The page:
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Coll v. Stryker Corp.

United States District Court, D. New Mexico

July 12, 2017

CLARKE COLL, Plaintiff, [1]
v.
STRYKER CORPORATION and HOWMEDICA OSTEONICS CORPORATION, Defendants.

          MEMORANDUM OPINION AND ORDER DENYING PLAINTIFF'S MOTION TO COMPEL DISCOVERY

          STEPHAN M. VIDMAR UNITED STATES MAGISTRATE JUDGE.

         THIS MATTER is before the Court on Plaintiff's Motion for an Order Compelling Responses to Document Requests [Doc. 154], filed April 27, 2017. Defendants responded on May 19, 2017. [Docs. 159, 160]. Plaintiff replied on June 1, 2017. [Doc. 168]. Having considered the briefing and the relevant law, and being otherwise fully advised in the premises, the Court will DENY Plaintiff's Motion to Compel.

         Background

         In the 1990s, Wayne Augé, II, M.D., (the originally named Plaintiff in this action) made innovative developments in orthopedic medicine and surgery. Defendants were interested in his inventions, and so they entered into a series of agreements with him for their common benefit. Defendants utilized Dr. Augé's inventions in several products that went to market. Over the years, however, as Defendants marketed new products with his inventions, Dr. Augé came to believe that Defendants were not fulfilling their agreements to honor his ownership rights or to pay him what they owed. Consequently, Dr. Augé filed this lawsuit in 2014. He alleges breach of contract and other related claims stemming from Defendants' alleged violation of the parties' agreements. [Doc. 34] at 9-14.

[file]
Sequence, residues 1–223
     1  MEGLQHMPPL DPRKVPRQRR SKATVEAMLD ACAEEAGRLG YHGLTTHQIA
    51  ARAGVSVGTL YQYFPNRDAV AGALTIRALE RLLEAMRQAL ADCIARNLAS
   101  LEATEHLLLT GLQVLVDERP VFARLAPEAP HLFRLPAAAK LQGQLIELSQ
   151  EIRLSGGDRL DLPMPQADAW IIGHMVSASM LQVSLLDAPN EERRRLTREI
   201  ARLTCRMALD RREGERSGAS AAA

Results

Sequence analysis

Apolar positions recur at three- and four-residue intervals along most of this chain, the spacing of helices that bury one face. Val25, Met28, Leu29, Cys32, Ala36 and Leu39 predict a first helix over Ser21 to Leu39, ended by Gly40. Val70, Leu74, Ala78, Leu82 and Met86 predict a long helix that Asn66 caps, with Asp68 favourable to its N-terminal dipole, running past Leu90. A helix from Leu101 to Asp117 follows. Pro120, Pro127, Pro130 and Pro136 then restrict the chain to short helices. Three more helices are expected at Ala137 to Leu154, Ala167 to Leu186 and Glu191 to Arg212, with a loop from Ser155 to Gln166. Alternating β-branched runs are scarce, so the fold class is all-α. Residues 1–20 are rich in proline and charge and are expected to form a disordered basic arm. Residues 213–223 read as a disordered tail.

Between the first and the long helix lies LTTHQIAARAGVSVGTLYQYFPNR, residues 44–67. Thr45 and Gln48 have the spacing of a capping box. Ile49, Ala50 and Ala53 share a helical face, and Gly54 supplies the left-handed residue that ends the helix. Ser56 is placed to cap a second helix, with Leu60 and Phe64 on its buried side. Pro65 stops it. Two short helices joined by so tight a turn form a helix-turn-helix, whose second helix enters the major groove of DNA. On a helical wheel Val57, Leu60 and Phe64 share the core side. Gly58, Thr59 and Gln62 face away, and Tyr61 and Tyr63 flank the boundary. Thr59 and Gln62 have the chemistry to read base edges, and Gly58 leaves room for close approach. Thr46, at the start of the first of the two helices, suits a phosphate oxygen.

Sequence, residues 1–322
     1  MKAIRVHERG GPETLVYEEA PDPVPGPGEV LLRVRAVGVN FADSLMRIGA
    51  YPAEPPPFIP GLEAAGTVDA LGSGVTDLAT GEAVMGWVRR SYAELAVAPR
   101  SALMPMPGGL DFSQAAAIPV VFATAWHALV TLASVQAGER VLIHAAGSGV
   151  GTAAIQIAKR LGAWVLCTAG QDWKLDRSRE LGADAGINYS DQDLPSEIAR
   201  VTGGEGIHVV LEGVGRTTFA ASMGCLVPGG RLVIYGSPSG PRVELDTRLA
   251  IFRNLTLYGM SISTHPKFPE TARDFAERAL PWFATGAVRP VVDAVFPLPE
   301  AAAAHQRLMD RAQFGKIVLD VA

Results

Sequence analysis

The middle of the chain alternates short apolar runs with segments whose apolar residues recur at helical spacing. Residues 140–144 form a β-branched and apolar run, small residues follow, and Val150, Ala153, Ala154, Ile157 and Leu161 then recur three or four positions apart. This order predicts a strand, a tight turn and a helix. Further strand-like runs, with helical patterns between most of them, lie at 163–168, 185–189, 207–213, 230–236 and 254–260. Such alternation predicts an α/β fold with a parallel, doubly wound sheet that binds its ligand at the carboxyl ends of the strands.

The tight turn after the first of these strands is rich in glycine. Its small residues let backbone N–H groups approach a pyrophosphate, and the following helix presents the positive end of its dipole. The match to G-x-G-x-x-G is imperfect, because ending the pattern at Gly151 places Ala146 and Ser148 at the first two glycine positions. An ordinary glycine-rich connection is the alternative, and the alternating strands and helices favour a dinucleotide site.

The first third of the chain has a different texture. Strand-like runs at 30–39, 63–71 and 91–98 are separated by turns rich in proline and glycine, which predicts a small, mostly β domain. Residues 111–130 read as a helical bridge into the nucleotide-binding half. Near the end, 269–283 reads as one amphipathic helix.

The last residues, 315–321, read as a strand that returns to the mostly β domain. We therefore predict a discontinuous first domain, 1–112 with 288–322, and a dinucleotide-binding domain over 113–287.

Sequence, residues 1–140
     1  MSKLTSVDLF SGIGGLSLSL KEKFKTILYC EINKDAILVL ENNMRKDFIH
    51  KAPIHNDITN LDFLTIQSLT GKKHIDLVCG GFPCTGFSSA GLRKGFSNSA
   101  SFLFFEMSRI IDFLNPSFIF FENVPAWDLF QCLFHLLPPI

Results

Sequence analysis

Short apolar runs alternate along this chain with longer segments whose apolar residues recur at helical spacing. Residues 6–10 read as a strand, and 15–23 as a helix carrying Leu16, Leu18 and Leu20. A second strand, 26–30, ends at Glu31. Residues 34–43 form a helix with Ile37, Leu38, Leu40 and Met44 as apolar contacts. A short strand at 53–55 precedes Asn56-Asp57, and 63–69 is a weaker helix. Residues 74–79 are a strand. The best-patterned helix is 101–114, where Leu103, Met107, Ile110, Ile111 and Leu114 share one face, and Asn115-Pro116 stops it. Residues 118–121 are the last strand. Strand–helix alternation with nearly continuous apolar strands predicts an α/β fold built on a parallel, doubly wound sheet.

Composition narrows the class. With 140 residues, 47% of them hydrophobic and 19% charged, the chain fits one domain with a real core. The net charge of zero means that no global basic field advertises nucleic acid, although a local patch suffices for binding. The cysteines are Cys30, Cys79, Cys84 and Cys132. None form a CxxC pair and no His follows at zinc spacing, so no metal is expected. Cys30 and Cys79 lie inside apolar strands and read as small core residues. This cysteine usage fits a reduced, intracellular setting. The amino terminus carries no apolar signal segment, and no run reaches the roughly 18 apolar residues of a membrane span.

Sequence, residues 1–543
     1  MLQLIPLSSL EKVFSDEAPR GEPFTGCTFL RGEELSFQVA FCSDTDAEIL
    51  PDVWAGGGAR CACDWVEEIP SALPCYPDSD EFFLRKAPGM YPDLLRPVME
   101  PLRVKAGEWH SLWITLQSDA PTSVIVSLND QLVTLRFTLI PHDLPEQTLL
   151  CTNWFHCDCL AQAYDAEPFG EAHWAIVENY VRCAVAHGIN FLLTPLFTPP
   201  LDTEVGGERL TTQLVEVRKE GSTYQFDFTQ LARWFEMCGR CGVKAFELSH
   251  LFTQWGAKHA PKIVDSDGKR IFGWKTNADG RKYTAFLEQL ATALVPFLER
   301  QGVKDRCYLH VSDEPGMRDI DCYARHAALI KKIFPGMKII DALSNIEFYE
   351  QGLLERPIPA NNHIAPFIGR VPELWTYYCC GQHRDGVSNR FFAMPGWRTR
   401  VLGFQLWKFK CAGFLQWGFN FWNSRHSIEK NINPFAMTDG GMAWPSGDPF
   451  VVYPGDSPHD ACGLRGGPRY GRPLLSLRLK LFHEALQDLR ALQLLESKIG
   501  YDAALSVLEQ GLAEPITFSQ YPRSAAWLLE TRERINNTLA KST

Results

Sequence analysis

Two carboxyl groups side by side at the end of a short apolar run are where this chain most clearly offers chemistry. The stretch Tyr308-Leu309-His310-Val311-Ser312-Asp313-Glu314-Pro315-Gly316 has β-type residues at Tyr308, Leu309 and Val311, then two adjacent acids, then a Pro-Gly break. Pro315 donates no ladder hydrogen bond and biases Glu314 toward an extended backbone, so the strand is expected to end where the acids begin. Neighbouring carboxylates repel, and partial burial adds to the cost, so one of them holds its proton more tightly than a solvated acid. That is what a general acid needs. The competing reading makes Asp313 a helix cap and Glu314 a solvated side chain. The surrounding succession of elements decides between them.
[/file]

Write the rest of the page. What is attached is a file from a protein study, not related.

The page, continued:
Plaintiff claims that three lines of medical devices sold by Defendants-the Iconix, VersiTomic, and MicroFX product lines-contain “[i]mprovements over confidential disclosures of proprietary information made by Dr. Augé.” [Doc. 154] at 2. He claims, in part, that he is entitled to “all profits derived from the commercialization” of the “improvements.” Id. (internal quotation marks omitted). In other words, he claims he is entitled to all profits Defendants earned in connection with the commercialization of the new products made with Dr. Augé's inventions. Id. at 2-3.

         Because Plaintiff requests damages in the amount of the profits Defendants earned from the three specified product lines, he has sought discovery of Defendants' revenues and expenses pertaining to those products. Following an earlier request for production, Defendants furnished Plaintiff with spreadsheets and other charts showing their revenues, expenses, and profits from sales of the relevant product lines. See [Doc. 154] at 3; [Doc. 159] at 3-4; see also [Docs. 160-1, 160-2, 160-3]. The spreadsheets provided relevant financial data in summary form; Defendants did not supply itemized lists of each cost and expense deducted in calculating their profits. [Doc. 154] at 3 & n.4. Nor did Defendants provide “documents evidencing actual expenses.” Id. Plaintiff subsequently requested additional documents pertaining to Defendants' financials.

         Plaintiff requested the following:

Documents, including invoices or other source documents that show or support all items of expense you incurred in the design, manufacturing, marketing and sales, including sales commissions, of each of the product lines Iconix, VersiTomic and MicroFX that are included in amounts deducted from revenues in calculating profits from the sale of devices in those product lines, as reflected in documents you have marked or otherwise produced . . . .